As the global consumption of antibiotics as well as international travel continue to rise, bacteria are mutating and exchanging their resistance genes at an unprecedented pace. Bacteria have the natural ability to multiply and change their genetic material (which we call “mutate”) very quickly, which can be seen as a survival mechanism that allows them to adapt to new environments. Every time we take antibiotics — or use them in animals — we create a selection pressure on resistant bacteria to survive and give them an opportunity to adapt to antibiotics.


Once bacteria have acquired the genetic mutations needed to survive in the presence of antibiotics (i.e. resistance to antibiotics), they spread their resistance to other bacteria through two main mechanisms called “vertical” or “horizontal” gene transfer (see figure). In fact, some bacteria can transfer resistance genes amongst one another very easily.


As a result, there is increasing concern about the rising numbers of antibiotic resistant bacteria that are isolated from human, animal, food, water and soil samples. Antibiotic resistance emerges as much in “friendly” bacteria (which populate our skin, our mouth, our intestines and other body areas without causing disease) as in pathogenic bacteria (those which cause disease in humans and animals).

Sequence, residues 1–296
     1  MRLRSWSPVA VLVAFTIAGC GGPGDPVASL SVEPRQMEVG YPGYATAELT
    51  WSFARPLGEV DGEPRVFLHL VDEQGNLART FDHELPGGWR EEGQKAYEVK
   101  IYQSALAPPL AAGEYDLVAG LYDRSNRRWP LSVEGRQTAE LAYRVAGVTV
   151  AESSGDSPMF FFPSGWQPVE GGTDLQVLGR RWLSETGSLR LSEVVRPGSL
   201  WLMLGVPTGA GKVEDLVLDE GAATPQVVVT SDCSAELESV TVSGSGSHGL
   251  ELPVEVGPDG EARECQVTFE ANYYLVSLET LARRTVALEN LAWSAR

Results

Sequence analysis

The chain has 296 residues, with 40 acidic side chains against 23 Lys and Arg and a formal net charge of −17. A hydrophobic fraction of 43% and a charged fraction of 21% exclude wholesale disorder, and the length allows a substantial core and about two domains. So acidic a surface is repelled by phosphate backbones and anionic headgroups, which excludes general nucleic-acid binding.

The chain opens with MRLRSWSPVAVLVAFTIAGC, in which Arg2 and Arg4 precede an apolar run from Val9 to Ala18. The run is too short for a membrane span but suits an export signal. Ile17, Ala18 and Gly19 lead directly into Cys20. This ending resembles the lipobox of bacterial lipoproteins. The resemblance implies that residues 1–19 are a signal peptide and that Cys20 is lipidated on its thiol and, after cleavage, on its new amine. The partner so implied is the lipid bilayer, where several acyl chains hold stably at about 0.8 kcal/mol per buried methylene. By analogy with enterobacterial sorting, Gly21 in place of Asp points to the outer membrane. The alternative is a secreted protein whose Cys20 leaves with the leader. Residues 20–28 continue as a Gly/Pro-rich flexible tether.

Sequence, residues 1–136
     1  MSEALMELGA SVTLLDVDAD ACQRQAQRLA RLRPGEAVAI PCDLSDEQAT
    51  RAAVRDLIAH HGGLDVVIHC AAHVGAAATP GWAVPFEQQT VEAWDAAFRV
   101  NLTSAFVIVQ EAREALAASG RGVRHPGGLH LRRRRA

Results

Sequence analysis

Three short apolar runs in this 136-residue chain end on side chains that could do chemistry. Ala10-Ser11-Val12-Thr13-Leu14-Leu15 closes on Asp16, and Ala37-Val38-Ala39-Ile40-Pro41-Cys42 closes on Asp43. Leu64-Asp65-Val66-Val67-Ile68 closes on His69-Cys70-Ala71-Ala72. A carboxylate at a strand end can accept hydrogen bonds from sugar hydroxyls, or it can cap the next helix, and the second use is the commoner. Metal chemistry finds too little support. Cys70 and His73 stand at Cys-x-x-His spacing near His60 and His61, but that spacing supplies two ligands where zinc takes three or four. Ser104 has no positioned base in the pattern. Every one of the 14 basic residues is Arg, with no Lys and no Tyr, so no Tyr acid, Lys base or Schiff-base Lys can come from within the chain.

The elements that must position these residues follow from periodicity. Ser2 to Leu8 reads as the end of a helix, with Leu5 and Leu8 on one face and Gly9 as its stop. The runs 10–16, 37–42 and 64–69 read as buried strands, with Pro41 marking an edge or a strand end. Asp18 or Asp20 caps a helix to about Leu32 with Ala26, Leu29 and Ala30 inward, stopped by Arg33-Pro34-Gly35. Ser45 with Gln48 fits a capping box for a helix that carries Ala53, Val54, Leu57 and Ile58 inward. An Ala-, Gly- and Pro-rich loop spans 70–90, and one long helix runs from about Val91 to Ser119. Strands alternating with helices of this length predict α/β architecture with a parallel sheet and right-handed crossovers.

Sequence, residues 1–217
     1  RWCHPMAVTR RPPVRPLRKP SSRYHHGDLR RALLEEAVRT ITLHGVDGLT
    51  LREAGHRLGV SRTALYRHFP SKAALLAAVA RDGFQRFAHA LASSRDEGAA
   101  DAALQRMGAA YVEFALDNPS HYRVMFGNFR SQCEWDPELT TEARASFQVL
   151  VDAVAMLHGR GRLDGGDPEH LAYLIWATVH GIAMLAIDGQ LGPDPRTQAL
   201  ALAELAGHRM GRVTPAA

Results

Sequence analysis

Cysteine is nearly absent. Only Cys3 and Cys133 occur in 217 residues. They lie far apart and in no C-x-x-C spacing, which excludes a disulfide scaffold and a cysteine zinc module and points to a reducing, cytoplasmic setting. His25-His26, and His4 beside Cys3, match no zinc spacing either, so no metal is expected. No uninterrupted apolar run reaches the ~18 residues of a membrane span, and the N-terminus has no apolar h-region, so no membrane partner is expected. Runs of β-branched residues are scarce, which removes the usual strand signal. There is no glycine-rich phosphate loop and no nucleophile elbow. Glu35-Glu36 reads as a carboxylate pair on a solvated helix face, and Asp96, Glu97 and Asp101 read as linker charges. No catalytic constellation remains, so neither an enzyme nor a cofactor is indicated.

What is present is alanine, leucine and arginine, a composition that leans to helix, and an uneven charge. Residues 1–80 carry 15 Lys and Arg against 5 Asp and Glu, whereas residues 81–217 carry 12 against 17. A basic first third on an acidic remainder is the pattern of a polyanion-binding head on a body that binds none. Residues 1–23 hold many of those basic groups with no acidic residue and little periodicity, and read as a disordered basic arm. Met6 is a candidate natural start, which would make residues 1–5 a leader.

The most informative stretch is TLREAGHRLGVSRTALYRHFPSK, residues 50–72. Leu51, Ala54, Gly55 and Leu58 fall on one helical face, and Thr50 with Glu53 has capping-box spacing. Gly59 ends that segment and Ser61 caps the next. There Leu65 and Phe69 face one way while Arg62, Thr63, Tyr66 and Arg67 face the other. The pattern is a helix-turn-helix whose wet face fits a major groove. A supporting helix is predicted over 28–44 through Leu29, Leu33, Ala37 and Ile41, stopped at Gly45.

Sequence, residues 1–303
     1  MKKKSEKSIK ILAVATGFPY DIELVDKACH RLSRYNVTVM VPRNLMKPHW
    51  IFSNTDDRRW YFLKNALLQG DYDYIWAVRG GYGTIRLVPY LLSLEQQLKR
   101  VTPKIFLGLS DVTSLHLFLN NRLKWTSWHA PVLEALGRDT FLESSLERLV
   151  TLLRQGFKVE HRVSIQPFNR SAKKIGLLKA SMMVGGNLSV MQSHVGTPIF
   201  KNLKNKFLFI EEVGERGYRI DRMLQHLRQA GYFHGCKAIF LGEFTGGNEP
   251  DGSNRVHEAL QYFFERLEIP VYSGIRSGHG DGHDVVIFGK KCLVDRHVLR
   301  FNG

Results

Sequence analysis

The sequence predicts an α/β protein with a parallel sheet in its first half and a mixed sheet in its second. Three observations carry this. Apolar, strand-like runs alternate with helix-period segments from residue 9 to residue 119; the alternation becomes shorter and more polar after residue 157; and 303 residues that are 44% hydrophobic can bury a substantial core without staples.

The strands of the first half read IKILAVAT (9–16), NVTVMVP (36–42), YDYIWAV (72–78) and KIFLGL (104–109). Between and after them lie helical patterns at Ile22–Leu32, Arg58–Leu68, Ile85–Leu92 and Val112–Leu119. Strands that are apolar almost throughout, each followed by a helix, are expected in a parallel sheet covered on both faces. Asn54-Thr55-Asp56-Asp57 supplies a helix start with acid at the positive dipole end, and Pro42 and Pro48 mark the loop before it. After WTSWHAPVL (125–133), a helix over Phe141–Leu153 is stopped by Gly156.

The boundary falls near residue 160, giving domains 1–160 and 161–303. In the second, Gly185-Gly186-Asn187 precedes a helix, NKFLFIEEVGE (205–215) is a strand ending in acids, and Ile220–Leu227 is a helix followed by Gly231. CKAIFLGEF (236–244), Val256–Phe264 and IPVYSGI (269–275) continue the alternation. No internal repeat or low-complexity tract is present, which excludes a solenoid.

Vertical transmissionpreface-02


Horizontal transmissionpreface-03

Antibiotic resistance: how does it work?

Antibiotic resistance occurs when microbes become resistant to one or more antibiotics that are used to treat infection.

Acquired resistance

Antibiotic resistance can be acquired through either the transfer of resistance genes from other bacteria, or through the spontaneous development of resistance mechanisms as a means of survival.

Gene Transfer by Vertical or Horizontal Transmission

Vertical transmission: mutation of a gene (red) during replication, giving the bacteria the ability to become resistant to the effect of antibiotics. These mutations are then passed on to subsequent generations, leading to a population of resistant bacteria.  




Horizontal transmission: resistant genes are exchanged from one microbe to another.


Resistance mechanisms : how do bacteria resist antibiotics?


graph_resistance_part01 graph_resistance_part02
graph_resistance_part03 graph_resistance_part04
  1. Impermeable barrier: the bacterial cell membrane develops an impermeable barrier which blocks antibiotics.
  2. Target modification: modification of components of the bacteria which are targeted by the antibiotic, meaning the antibiotic can no longer bind properly to its target in order to destroy the bacteria.
  3. Antibiotic modification: the cell produces substances (usually a protein called an “enzyme”) that inactivate the antibiotic before it can harm the bacteria.
  4. Efflux pump mechanism: the antibiotic is actively pumped out of the bacteria so that it cannot harm the bacteria.